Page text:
A stuntman who propelled himself 152ft (43m) into the air using a jet pack believes he has set a world record.
Mr Scott has used the jet pack nearly 500 times
Eric Scott wore a red and white jumpsuit for his brief vertical trip over the Castle Indoor Climbing Centre in Stoke Newington, north London.
The Texan stuntman's flight was thought to be the highest human elevation using a Rocketbelt designed by the United States military in 1961.
He said: "I am the first one in the books for the record, so it is neat."
The generator is mounted on a fibreglass corset worn by the pilot, who is propelled upwards by two rocket nozzles which fire steam.
Mr Scott's trip on Tuesday, the equivalent of a 12-storey building, lasted just 26 seconds.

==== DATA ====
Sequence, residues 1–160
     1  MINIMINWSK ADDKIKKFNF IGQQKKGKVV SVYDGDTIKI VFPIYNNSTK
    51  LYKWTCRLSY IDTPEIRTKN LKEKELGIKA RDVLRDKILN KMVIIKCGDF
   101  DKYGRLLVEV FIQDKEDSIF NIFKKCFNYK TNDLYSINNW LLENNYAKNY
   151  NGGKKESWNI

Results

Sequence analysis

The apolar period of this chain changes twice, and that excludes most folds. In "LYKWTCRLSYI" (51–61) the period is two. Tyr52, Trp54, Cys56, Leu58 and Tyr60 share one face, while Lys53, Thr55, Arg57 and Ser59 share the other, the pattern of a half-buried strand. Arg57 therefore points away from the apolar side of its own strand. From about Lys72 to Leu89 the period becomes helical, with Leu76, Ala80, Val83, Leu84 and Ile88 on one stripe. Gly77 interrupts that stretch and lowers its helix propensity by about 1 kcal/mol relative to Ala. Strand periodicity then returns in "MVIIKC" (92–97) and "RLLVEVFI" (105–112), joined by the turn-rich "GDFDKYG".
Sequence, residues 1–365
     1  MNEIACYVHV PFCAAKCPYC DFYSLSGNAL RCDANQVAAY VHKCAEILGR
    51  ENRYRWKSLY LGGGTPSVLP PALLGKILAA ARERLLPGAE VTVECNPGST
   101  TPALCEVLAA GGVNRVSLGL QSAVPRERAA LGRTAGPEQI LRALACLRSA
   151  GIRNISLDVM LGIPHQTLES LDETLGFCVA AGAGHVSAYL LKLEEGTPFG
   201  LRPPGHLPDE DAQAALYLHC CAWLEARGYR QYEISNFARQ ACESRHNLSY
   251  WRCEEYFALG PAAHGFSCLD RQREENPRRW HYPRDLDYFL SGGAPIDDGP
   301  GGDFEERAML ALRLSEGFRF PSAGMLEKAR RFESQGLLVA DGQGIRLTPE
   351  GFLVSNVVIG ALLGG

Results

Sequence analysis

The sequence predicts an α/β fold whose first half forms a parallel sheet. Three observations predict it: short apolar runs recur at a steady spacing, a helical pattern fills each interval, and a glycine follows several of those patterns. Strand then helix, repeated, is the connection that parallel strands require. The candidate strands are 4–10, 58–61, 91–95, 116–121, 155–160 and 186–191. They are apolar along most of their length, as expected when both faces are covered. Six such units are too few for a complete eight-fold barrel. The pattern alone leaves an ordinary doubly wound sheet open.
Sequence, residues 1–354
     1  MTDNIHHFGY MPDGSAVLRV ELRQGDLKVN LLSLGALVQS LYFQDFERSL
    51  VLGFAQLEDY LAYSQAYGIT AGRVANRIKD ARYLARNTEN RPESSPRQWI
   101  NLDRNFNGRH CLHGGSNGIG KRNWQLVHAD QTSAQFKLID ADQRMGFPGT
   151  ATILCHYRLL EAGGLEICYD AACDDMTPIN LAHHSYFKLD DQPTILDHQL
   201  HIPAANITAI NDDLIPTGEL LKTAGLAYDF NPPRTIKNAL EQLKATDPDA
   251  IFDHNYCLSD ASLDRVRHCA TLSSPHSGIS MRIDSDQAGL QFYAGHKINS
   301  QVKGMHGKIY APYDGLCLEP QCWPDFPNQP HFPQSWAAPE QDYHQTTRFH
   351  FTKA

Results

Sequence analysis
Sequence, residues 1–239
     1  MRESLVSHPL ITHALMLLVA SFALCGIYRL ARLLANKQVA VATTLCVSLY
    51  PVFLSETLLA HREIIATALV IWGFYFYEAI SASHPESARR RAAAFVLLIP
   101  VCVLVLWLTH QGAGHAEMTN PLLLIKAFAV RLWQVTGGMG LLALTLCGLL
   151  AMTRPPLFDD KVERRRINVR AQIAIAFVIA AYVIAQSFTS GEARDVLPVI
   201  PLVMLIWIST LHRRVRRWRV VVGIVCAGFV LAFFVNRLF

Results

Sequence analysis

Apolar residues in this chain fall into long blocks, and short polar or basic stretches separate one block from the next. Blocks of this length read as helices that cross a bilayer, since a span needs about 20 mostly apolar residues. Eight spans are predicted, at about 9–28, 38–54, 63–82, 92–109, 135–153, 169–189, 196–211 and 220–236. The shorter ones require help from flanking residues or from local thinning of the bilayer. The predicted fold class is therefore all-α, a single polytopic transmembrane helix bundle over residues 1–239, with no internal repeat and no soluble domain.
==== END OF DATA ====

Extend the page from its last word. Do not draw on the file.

"It went well. I went up there and when I got to the top I did a little pirouette, a 360-degree spin, so that was fun," he said.
He has used the Rocketbelt for nearly 500 trips since he was first offered the chance on a Michael Jackson tour in 1992.
Mr Scott, 41, who is a film stuntman but also builds custom homes, was invited to perform in London for a promotional event by vodka drinks company Smirnoff.
His next flight will be in the Brazilian jungle.
David Hawkett, the science and technology editor of the Guinness database said: "We are waiting to get all the evidence from them, but I can see no reason why this won't be a record."